Returning A Family Heirloom To Its Rightful Owners

Is it odd that my genealogical fantasies include stumbling across local, 19th Century glass negative plates at a 2nd hand market or that someone contacts me about some amazing long, lost family heirloom? Unfortunately, this hasn’t come true, but I was able to make it happen for a lucky lady in England!

Earlier this year I visited a 2nd cousin of mine who is into genealogy as much as I am and just before leaving she brought out the most amazing old book that she purchased from an antique dealer many years ago.antique heirloom book found

The large, earthy, marbled tome was a bit tattered, but it contained over 300 pages of musings, thoughts, poems and events of a woman living through the mid to latter half of the 1800’s.

The pages are all meticulously decorated with cutouts, illustrations and mementoes. On one page she fan-girls her favourite writer, Eliza Cook, known as a proponent of political and sexual freedom for women, who believed in the ideology of self-improvement through education.
Another page shows the wings of a flying fish sent from India and sadly on one page is a letter from her dying cousin Lucy, who writes;

‘My Dearest Cousin, I have had a long and dangerous illness from which I am sorry to say I don’t think I shall ever recover. The Dr gives me but very little encouragement. He has been attending me ever since my little boy was born.’

The next page’s title, ‘My cousin Lucy is dead.’


The author is never named, there’s no address, not even a town given, although there are a number of illustrations from Cornwall and Devon.

As my cousin knows I’m quite handy at finding info on the internet, so she gave the book to me to try to figure out who it belonged to and to possibly find a direct descendant to forward it to. I love a good research challenge and was happy to just be able to read through such a great piece of history.


So I took it home and one evening started reading through and writing down any clues.

  • Daughter Katie, born around 1866
  • Son W.H. Rogers, died 24 Jan 1866
  • A grandfather named James Everett, died 28 Jan 1867
  • Grandmother Nancy Everett, died 19 Nov 1867
  • Grandmother Anne Rogers, died 6 June 1868
  • Cousin Jane Stanbury, died 3 August 1868
  • Cousin Lucy Marchant, died 1869
  • Son William, born 15 Aug 1870

Oddly enough, while I was flicking through the pages and reading this woman’s memories. I subconsciously started referring to her as Sarah; this is Sarah’s book, Sarah’s child that died, Sarah’s daughter born, etc. But nowhere is the name Sarah mentioned.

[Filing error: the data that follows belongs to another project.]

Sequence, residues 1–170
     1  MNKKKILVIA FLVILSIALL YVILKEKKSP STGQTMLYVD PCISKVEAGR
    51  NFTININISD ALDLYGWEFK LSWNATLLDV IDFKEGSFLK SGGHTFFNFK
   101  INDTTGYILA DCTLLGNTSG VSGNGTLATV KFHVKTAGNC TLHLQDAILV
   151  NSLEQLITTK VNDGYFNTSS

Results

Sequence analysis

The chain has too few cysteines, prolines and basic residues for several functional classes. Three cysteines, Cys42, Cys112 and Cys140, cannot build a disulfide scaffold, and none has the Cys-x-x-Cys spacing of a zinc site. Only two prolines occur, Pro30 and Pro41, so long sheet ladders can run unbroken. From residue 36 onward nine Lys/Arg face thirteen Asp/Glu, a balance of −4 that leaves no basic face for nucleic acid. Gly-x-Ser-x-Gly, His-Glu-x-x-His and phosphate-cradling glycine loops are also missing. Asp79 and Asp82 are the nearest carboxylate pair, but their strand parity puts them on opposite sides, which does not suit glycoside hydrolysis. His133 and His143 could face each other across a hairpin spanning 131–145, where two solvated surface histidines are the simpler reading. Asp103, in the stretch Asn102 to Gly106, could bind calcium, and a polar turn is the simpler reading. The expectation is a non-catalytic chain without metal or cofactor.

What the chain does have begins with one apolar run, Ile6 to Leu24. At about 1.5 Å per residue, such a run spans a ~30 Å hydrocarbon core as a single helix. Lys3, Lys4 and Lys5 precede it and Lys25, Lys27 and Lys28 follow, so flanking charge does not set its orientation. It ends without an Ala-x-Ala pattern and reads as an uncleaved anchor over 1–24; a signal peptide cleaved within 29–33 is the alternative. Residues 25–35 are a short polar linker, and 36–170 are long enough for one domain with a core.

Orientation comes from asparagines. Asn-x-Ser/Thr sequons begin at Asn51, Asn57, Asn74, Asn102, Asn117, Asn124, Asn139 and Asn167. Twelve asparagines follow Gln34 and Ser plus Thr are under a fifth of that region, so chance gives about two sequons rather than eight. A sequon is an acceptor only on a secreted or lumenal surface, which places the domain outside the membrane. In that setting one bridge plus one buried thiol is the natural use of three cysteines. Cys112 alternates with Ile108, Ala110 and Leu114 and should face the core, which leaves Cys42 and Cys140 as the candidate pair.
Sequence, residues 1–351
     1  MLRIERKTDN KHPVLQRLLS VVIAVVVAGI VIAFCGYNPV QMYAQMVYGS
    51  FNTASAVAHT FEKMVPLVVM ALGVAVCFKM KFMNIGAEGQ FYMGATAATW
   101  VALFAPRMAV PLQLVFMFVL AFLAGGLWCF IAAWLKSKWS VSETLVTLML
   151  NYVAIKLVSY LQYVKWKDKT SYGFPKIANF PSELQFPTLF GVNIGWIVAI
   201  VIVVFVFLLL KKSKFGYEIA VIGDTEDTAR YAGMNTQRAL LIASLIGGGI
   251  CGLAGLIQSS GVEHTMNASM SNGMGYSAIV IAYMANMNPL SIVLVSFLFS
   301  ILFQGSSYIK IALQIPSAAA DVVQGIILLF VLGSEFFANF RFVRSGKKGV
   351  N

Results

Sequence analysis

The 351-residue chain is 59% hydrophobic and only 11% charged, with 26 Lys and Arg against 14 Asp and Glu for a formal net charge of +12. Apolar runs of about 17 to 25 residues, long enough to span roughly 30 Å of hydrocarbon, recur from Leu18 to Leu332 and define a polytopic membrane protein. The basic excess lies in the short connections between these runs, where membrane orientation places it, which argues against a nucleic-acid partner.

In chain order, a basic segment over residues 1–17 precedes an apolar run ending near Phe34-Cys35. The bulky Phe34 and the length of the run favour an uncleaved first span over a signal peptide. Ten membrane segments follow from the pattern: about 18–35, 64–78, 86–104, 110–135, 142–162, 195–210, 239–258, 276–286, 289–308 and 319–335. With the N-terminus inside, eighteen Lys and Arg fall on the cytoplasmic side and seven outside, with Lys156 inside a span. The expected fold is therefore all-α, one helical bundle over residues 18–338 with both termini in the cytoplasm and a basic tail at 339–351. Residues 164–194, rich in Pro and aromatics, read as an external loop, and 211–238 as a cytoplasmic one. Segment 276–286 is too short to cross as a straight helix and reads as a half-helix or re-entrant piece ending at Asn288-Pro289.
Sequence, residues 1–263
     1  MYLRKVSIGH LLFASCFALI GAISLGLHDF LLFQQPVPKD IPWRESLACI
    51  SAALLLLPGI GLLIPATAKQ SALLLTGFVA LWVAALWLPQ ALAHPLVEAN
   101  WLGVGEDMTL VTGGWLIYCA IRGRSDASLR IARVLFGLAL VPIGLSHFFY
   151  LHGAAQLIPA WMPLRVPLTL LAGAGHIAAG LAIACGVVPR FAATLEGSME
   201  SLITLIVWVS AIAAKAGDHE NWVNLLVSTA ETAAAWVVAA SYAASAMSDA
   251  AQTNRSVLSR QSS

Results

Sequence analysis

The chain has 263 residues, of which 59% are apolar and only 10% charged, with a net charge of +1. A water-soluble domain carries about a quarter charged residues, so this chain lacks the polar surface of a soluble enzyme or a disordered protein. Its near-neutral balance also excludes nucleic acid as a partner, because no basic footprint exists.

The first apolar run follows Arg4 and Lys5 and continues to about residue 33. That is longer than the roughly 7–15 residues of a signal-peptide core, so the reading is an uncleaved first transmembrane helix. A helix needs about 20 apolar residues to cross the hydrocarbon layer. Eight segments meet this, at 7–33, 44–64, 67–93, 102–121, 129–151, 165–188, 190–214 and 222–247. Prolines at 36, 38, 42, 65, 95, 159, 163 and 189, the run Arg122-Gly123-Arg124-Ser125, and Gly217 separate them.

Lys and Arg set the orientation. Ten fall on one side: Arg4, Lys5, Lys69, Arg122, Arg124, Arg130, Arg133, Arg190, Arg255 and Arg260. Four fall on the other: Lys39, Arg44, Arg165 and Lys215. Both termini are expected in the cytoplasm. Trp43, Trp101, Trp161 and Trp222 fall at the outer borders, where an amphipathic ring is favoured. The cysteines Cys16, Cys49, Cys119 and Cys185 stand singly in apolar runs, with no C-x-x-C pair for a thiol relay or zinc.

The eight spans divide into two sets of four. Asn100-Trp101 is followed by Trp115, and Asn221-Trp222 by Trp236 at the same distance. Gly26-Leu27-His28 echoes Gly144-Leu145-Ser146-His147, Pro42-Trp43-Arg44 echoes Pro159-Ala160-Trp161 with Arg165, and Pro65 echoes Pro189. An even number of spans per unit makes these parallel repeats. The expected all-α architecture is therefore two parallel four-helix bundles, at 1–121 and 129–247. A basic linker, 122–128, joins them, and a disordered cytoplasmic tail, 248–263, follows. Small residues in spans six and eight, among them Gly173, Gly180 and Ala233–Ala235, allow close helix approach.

Weird, but I dismissed it.


Starting with W.H. Rogers, I searched death records in England and quickly found the child was William Henry Rogers, born 1851 and died 1866 in Stoke Damerel, Devon.
This led me to his birth record which notes his father as also William Henry Rogers and his mother as… Sarah. *cue creepy music*

So this WAS Sarah’s book!
But, Sarah who?

I couldn’t find a marriage for William and Sarah, so I looked at the grandparents, James and Nancy Everett, first using their death dates to ascertain their location – Bodmin, Cornwall, and then finding a tree for them. One daughter stood out, Hannah Everett, and sure enough, she married a William Ferris and they had a daughter Sarah Ferris, born 8 October 1826 in Stoke Damerel, Devon.

All the pieces suddenly fell together and I had most of Sarah’s life before me.

She married a Mr Trezise sometime in the late 1840’s, they had a child Francis Trezise, born 1849 in Torpoint, Cornwall. But the husband dies and Sarah shacks up with William Henry Rogers, they have a child, also William Henry, around November 1850, born in Torpoint. In the 1851 census, Sarah is living by herself, earning a living as a dressmaker, in Stoke Damerel, but soon marries William in early 1852, also in Stoke Damerel.

They go on to have a number of children and later take on the Richmond Walk Inn, in Devonport.

It’s not known when Sarah died, but it was after 1901, as she makes it in the 1901 census living with one of her children.


A photo of Sarah Rogers (nee Ferris) and one of her children

The next task was to find a direct descendant. The first trees I had found online weren’t well researched and weren’t descendants of Sarah, but I eventually found a lady’s tree who was a direct descendant of Sarah’s daughter Kate. Furthermore, the owner seemed to have a healthy interest in family history, having uploaded a number of their own photos to the tree.

So I sent a message.